First of all, it really shouldn’t matter that they are such nice lads.
It shouldn’t matter that Bukayo Saka was a straight A* student, the pride of his old school and the possessor of the type of fearless nature that puts the rest of us to shame at just 19.
It shouldn’t matter that Jadon Sancho is on the cusp of superstardom, about to take the Premier League by storm.
And it shouldn’t matter that Marcus Rashford does everything – EV-ER-Y-THING – he does.
Those that have dutifully been stressing the many, many positives about the trio in these past couple of days have been doing so out of support for them, but they shouldn’t have to do that. In an ideal world they wouldn’t need to.
But we are far from an ideal world.
We’re in the type of world where those who look at Saka, Sancho and Rashford and see only one thing, one other , have been emboldened by the actions of those that are supposed to lead us.
And what’s more the footballers themselves know it.
Think about everything that comes with the pressure of taking a penalty in a shootout in a European Championship final, the walk up the ball, the glance at the goalkeeper, the deep intake of breath.
And then think about the fact that the pressure that was on Saka, Sancho and Rashford was much heavier than on the Harrys Kane and Maguire. That’s heartbreaking.
But this is England, 2021.
It is a country when politicians will fail to support your anti-racism message one week and then flip to criticising those who racially abuse you the next, all because the populism has shifted with a few good results.
Oh and they’ll have a fresh out of the packet England shirt on when they do it, too. Look at the creases.
And they do it because that’s where the votes are. That’s what’s convenient for them.
It’s why they rush to jump into things that have nothing to do with them like the recent storm around the historical tweets posted by the England cricketer Ollie Robinson. “Quick, here’s something we can stir up this week. Dive in!”
With that in mind, it clearly would have been far better for Boris Johnson, Priti Patel et al if England hadn’t gone very far in the Euros.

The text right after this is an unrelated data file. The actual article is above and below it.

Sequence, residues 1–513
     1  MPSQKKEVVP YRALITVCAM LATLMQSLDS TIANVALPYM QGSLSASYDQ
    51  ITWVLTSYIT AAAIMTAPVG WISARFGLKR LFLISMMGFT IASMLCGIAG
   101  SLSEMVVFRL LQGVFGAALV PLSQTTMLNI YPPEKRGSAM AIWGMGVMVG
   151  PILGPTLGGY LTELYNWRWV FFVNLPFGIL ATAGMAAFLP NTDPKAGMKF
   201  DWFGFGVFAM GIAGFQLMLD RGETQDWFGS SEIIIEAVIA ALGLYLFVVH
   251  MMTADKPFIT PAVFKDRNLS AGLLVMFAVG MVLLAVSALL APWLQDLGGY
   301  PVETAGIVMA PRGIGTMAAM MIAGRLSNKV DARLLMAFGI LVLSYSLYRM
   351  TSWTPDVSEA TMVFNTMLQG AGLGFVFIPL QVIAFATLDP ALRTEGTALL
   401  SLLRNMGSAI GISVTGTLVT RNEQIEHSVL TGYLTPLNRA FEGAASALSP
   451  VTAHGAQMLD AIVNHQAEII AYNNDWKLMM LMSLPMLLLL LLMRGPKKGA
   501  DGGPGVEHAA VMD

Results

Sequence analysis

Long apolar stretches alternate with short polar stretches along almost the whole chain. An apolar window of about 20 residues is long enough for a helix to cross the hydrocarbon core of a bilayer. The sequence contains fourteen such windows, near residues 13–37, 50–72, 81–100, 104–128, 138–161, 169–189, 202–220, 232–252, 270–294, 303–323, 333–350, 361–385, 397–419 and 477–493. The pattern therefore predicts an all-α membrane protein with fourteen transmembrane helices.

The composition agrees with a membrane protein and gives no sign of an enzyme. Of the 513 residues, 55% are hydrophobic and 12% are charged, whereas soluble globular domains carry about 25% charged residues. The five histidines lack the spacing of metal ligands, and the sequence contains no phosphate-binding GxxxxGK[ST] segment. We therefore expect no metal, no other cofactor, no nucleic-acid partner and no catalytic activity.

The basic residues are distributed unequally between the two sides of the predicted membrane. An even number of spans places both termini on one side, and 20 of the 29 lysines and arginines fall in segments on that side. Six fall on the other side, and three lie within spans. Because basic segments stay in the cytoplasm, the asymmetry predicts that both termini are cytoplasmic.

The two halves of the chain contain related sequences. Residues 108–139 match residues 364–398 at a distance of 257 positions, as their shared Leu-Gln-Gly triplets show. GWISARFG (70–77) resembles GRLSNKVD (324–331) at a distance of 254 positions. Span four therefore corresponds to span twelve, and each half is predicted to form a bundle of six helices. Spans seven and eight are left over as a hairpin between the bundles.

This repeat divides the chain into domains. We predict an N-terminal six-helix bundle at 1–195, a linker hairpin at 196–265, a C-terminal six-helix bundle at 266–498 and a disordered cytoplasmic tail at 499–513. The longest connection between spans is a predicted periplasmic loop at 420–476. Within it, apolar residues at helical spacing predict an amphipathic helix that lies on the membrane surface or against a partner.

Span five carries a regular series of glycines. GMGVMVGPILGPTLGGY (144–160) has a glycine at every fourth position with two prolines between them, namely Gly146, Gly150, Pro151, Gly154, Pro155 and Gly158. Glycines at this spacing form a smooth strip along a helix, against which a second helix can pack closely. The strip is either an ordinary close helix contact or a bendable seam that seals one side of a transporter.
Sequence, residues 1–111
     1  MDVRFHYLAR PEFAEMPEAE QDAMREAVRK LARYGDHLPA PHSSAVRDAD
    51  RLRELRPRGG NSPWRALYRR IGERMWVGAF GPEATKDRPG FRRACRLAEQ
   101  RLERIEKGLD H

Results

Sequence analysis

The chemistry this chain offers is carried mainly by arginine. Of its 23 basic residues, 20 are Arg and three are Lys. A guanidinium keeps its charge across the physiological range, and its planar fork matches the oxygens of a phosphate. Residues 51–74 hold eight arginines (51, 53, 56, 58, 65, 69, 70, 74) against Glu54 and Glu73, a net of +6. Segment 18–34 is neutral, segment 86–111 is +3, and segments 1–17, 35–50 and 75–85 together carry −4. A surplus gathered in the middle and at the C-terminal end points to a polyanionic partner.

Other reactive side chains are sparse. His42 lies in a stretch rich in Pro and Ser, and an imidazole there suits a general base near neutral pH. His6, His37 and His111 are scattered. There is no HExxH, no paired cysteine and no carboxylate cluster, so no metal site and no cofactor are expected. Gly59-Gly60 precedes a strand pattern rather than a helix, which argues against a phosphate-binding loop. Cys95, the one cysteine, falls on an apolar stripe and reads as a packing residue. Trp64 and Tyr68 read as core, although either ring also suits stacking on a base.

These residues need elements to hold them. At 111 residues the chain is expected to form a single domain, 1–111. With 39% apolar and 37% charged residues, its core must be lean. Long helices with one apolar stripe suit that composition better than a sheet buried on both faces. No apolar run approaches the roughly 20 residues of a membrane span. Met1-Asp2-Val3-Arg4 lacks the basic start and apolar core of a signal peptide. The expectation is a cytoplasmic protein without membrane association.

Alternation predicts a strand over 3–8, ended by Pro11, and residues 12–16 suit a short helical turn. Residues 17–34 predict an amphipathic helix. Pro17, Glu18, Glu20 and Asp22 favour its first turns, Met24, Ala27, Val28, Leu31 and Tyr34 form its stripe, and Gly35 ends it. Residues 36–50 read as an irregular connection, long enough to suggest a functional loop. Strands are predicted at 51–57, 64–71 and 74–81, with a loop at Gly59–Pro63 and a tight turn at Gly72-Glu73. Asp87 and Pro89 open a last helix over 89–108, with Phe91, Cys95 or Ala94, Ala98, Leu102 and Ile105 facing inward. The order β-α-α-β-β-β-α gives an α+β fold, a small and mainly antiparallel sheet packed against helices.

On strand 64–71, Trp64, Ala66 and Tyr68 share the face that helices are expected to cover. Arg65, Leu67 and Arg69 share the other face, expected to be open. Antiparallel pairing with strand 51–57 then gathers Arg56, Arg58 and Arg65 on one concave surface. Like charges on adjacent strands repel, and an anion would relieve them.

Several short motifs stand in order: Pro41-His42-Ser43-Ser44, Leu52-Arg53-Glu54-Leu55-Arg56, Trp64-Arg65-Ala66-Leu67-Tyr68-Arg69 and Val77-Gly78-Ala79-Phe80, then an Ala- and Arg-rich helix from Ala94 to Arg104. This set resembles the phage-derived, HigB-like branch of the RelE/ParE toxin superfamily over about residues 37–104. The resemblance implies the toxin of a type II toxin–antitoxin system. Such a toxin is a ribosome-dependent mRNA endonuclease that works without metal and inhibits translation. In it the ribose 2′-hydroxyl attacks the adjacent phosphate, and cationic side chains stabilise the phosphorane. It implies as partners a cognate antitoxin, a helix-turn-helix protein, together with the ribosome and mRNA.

They could then get some backbencher to trot out some nonsense about how they should have focused on defending set-pieces rather than taking the knee, all of the people who mattered to them would have a good chuckle and their little, cosseted lives would go on.
Instead England have done well and that has forced them to face their own actions, with criticism even coming from within their own party as per a tweet criticising Patel from Tory and House of Lords peer Sayeeda Warsi.
That England’s run to the final always seemed to carry this extra weight to it really shouldn’t have been on the footballers or Gareth Southgate, but they have taken it on so impressively.
They have demonstrated that it is okay to care for your country, to wrap yourself in the flag and yet also be an impressive and open human being.
It is there in the way Southgate talks, the way Rashford acts, the way Raheem Sterling has taken on the media, the way Jordan Henderson speaks up and supports those who don’t feel as though they should be included and the way Tyrone Mings gloriously takes Home Secretaries to account.
That’s your England. That’s your very impressive football team on and off the pitch and one that you should be proud of this summer.
But why should they also be the ones trying to make the country a better place?
There are people in elected office whose job that is, and they are failing much more miserably at that than a footballer who sent a penalty marginally wide or had it saved by one of the best goalkeepers in the world.
Yet here those footballers are, the ones facing the abuse.
It is dreadful, it is tiring.
And it really shouldn’t matter that they are such nice lads.